48 Tanenbaum & Woodhull, Operating Systems: Design and Implementation, (c) 2006 Prentice-Hall, Inc. All rights reserved MINIX 3 File System (1) Figure File system messages. File name parameters are always pointers to the name. The code status as reply value means OK or ERROR....

49 Tanenbaum & Woodhull, Operating Systems: Design and Implementation, (c) 2006 Prentice-Hall, Inc. All rights reserved MINIX 3 File System (2) Figure File system messages. File name parameters are always pointers to the name. The code status as reply value means OK or ERROR....

50 Tanenbaum & Woodhull, Operating Systems: Design and Implementation, (c) 2006 Prentice-Hall, Inc. All rights reserved MINIX 3 File System (3) Figure File system messages. File name parameters are always pointers to the name. The code status as reply value means OK or ERROR....

51 Tanenbaum & Woodhull, Operating Systems: Design and Implementation, (c) 2006 Prentice-Hall, Inc. All rights reserved File System Layout (1) Figure Disk layout for a floppy disk or small hard disk partition, with 64 i-nodes and a 1-KB block size (i.e., two consecutive 512-byte sectors are treated as a single block).

52 Tanenbaum & Woodhull, Operating Systems: Design and Implementation, (c) 2006 Prentice-Hall, Inc. All rights reserved File System Layout (2) Figure The MINIX 3 superblock.

53 Tanenbaum & Woodhull, Operating Systems: Design and Implementation, (c) 2006 Prentice-Hall, Inc. All rights reserved I-Nodes Figure The MINIX i-node.

54 Tanenbaum & Woodhull, Operating Systems: Design and Implementation, (c) 2006 Prentice-Hall, Inc. All rights reserved The Block Cache Figure The linked lists used by the block cache.

55 Tanenbaum & Woodhull, Operating Systems: Design and Implementation, (c) 2006 Prentice-Hall, Inc. All rights reserved Directories and Paths Figure (a) Root file system. (b) An unmounted file system. (c) The result of mounting the file system of (b) on /usr/.

56 Tanenbaum & Woodhull, Operating Systems: Design and Implementation, (c) 2006 Prentice-Hall, Inc. All rights reserved File Descriptors Figure How file positions are shared between a parent and a child.

57 Tanenbaum & Woodhull, Operating Systems: Design and Implementation, (c) 2006 Prentice-Hall, Inc. All rights reserved Block Management Figure Procedures used for block management.

58 Tanenbaum & Woodhull, Operating Systems: Design and Implementation, (c) 2006 Prentice-Hall, Inc. All rights reserved I-Node Management Figure Procedures used for i-node management.

59 Tanenbaum & Woodhull, Operating Systems: Design and Implementation, (c) 2006 Prentice-Hall, Inc. All rights reserved Superblock Management Figure Procedures used to manage the superblock and bitmaps.

60 Tanenbaum & Woodhull, Operating Systems: Design and Implementation, (c) 2006 Prentice-Hall, Inc. All rights reserved File Locking Figure The POSIX advisory record locking operations. These operations are requested by using an FCNTL system call.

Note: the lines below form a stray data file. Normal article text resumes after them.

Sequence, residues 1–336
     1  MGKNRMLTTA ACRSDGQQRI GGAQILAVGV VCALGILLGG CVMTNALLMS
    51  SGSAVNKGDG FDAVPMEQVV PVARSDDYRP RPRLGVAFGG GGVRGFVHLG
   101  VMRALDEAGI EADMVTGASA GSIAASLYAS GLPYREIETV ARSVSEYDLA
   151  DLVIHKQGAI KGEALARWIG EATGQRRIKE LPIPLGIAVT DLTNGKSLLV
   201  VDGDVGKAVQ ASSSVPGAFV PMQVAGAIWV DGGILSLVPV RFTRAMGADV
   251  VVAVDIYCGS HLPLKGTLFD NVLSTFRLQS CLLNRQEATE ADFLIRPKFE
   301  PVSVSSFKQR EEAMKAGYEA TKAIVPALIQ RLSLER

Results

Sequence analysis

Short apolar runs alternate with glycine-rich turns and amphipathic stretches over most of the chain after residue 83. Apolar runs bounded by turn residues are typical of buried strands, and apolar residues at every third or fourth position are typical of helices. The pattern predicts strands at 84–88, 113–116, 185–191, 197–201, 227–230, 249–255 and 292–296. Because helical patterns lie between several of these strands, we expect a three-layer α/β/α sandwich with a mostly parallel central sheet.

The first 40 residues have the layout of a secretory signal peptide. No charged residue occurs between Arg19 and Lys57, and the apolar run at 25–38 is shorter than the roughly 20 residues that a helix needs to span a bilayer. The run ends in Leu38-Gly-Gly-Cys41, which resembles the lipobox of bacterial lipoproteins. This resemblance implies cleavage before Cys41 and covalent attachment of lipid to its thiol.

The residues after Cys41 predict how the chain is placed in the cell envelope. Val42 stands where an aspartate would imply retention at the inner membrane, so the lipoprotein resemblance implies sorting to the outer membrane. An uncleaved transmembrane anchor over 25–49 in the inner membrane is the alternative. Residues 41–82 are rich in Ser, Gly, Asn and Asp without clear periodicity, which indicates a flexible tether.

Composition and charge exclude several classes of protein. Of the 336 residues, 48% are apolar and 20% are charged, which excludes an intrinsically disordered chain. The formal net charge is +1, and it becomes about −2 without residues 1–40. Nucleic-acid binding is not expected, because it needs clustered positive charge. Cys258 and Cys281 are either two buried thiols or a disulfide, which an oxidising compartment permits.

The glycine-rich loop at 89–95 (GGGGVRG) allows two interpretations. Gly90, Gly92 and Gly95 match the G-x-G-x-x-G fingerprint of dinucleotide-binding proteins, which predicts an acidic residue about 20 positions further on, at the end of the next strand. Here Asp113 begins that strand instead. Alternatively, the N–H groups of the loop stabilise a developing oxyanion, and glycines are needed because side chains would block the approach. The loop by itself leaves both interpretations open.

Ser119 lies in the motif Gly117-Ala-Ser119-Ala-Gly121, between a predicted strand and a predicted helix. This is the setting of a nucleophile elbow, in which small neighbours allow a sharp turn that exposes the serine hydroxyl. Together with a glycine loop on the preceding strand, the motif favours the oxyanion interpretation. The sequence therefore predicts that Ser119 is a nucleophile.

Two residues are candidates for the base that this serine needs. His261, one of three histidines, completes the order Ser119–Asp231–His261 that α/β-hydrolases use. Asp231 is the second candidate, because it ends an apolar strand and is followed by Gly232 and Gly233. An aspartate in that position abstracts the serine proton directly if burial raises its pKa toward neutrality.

61 Tanenbaum & Woodhull, Operating Systems: Design and Implementation, (c) 2006 Prentice-Hall, Inc. All rights reserved Initialization of the File System (1) Figure Block cache initialization. (a) Before any buffers have been used.

62 Tanenbaum & Woodhull, Operating Systems: Design and Implementation, (c) 2006 Prentice-Hall, Inc. All rights reserved Initialization of the File System (2) Figure Block cache initialization. (b) After one block has been requested.

63 Tanenbaum & Woodhull, Operating Systems: Design and Implementation, (c) 2006 Prentice-Hall, Inc. All rights reserved Initialization of the File System (3) Figure Block cache initialization. (c) After the block has been released.

64 Tanenbaum & Woodhull, Operating Systems: Design and Implementation, (c) 2006 Prentice-Hall, Inc. All rights reserved Reading a File (1) Figure Three examples of how the first chunk size is determined for a 10-byte file. The block size is 8 bytes, and the number of bytes requested is 6. The chunk is shown shaded.

65 Tanenbaum & Woodhull, Operating Systems: Design and Implementation, (c) 2006 Prentice-Hall, Inc. All rights reserved Reading a File (2) Figure Some of the procedures involved in reading a file.

66 Tanenbaum & Woodhull, Operating Systems: Design and Implementation, (c) 2006 Prentice-Hall, Inc. All rights reserved Writing a File Figure (a) – (f) The successive allocation of 1-KB blocks with a 2-KB zone.

67 Tanenbaum & Woodhull, Operating Systems: Design and Implementation, (c) 2006 Prentice-Hall, Inc. All rights reserved Converting a Path to an I-Node Figure Some of the procedures used in looking up path names.

68 Tanenbaum & Woodhull, Operating Systems: Design and Implementation, (c) 2006 Prentice-Hall, Inc. All rights reserved Mounting File Systems Possible file system mounting errors: The special file given is not a block device. The special file is a block device but is already mounted. The file system to be mounted has a rotten magic number. The file system to be mounted is invalid (e.g., no i-nodes). The file to be mounted on does not exist or is a special file. There is no room for the mounted file system’s bitmaps. There is no room for the mounted file system’s superblock. There is no room for the mounted file system’s root i-node.

69 Tanenbaum & Woodhull, Operating Systems: Design and Implementation, (c) 2006 Prentice-Hall, Inc. All rights reserved Linking and Unlinking Files Possible errors in a linking or unlinking call: File_name does not exist or cannot be accessed. File_name already has the maximum number of links. File_name is a directory (only superuser can link to it). Link_name already exists. File_name and link "name are on different devices.

70 Tanenbaum & Woodhull, Operating Systems: Design and Implementation, (c) 2006 Prentice-Hall, Inc. All rights reserved Additional System Call Support Figure The POSIX request parameters for the FCNTL system call.